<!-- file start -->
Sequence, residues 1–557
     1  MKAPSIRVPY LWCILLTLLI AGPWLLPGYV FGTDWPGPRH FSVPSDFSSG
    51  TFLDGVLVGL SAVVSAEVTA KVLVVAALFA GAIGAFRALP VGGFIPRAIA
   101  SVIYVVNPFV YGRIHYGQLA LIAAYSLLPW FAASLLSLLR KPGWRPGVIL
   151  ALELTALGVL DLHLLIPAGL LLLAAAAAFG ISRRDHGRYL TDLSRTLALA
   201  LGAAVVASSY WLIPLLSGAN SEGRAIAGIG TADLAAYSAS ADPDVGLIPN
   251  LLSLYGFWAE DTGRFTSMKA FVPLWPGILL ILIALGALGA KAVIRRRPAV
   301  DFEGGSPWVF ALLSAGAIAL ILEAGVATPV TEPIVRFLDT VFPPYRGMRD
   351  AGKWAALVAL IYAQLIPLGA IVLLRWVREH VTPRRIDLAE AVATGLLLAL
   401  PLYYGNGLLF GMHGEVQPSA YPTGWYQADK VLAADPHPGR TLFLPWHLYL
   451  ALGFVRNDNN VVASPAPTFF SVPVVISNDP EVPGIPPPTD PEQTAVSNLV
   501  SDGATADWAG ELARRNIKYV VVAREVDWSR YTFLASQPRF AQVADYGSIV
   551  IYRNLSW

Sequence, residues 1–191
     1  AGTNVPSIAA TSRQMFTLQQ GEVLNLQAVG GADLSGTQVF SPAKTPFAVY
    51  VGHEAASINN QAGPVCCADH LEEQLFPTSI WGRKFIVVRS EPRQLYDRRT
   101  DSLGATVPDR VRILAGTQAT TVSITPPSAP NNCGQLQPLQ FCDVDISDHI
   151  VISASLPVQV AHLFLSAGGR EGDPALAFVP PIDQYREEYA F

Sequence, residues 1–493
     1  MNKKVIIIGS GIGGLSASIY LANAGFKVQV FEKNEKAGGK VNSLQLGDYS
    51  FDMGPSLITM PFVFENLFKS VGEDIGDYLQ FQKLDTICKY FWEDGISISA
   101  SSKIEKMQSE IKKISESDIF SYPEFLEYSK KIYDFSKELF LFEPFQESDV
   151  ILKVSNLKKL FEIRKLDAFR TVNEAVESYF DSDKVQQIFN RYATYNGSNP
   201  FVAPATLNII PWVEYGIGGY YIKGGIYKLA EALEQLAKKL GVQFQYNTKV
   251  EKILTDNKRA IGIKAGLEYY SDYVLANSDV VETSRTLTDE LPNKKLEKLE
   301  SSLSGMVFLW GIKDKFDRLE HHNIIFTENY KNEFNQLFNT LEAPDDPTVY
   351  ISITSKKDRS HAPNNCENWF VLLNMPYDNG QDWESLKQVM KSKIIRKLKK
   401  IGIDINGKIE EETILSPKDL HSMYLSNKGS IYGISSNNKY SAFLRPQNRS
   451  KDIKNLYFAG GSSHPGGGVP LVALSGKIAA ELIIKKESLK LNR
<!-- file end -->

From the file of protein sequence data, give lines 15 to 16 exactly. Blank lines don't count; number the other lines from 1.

     1  AGTNVPSIAA TSRQMFTLQQ GEVLNLQAVG GADLSGTQVF SPAKTPFAVY
    51  VGHEAASINN QAGPVCCADH LEEQLFPTSI WGRKFIVVRS EPRQLYDRRT